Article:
As a holding company coordinates numerous affiliates, it automatically creates its own internal market. Benefits range from eased transfer of human capital and lower-cost financial resources to internal transactions with better pricing, as well as knowledge sharing through interlocking board directors and executives across affiliate companies.
A key advantage for a multigenerational business is coordinated ownership, particularly when consensus begins to falter among clans in the later generations.
Crucially, centralised ownership can help defend the business from a potential external takeover. But every coin has two sides, Hsueh warns, and family influence over the firm can diminish in a holding company model.
“When the family business is still in its early stage, without such a formal governance structure, it may be able to directly use its ownership and managerial position in a single firm to influence decisions,” Hsueh says.
“After the set-up of a holding company, the family will need to go through the formal meeting and voting process to influence the firm’s decision.”
So which should it be? Holding company or foundation? It is hardly an “apples with apples” comparison but both models offer common positives: Avenues to greater tax efficiencies, defence against hostile takeovers and—perhaps most crucially—rationalised ownership structure and wealth distribution options for current and next-generation family members.
If an argument is to be made for industrial foundations, look to Sweden’s sixth-generation Wallenberg clan, whose pedigree in banking and major industrial groups has shaped the country’s economy.
As the Wallenberg’s bank (SEB) flourished it began buying chunks of distressed industrial firms, leading the family to set up a holding company, Investor AB, 102 years ago.
Today, the Knut and Alice Wallenberg Foundation (KAW) and other Wallenberg foundations absorb the family’s share of profits and protect them from Sweden’s top income tax rate of 62%. The foundations’ generosity also deflects criticism: KAW, for instance, disburses $202 million of grants a year to fund basic research and education.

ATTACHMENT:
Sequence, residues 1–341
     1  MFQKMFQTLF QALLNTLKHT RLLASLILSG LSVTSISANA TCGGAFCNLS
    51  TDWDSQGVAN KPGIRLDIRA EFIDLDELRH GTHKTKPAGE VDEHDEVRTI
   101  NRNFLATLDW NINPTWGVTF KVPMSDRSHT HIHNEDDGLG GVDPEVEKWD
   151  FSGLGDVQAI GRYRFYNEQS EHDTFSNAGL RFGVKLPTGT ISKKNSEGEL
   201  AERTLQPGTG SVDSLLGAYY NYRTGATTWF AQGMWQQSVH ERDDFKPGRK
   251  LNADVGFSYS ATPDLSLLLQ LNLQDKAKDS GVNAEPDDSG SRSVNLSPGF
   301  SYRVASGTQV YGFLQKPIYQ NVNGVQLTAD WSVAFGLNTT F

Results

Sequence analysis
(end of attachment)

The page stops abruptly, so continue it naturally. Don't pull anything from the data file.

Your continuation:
Gunnar Wetterberg, author of a book on the Wallenberg family, argues that having most of its wealth locked up in foundations best explains the empire’s sixth-generation longevity.
SEB was the origin of the family empire, he says, and when the bank was involved in companies that went bankrupt or had other difficulties, the Wallenbergs stepped in and rebuilt them “sometimes with rather brutal measures”.
“They would sack the management and replace them with people who were prepared to do away with less profitable parts of the business,” Wetterberg explains.
“They have been very active in the companies and the beauty of the foundation is that they can pick those in each generation who are most suitable to lead and manage the empire while the others get paid off handsomely.”
Long-term stability has given generations of Wallenbergs a free hand in shaping their empire or “sphere” to which it is referred in Sweden.
“The family cannot do very much about the money, but the foundations provide the Wallenbergs the power to govern their empire and sphere,” Wetterberg says.
“If they had not locked it up in foundations, it is more likely than not that the sphere would have been dispersed within two or three generations.”
It wasn’t. And for good reason, according to Dr Carina Beckerman of Stockholm School of Economics.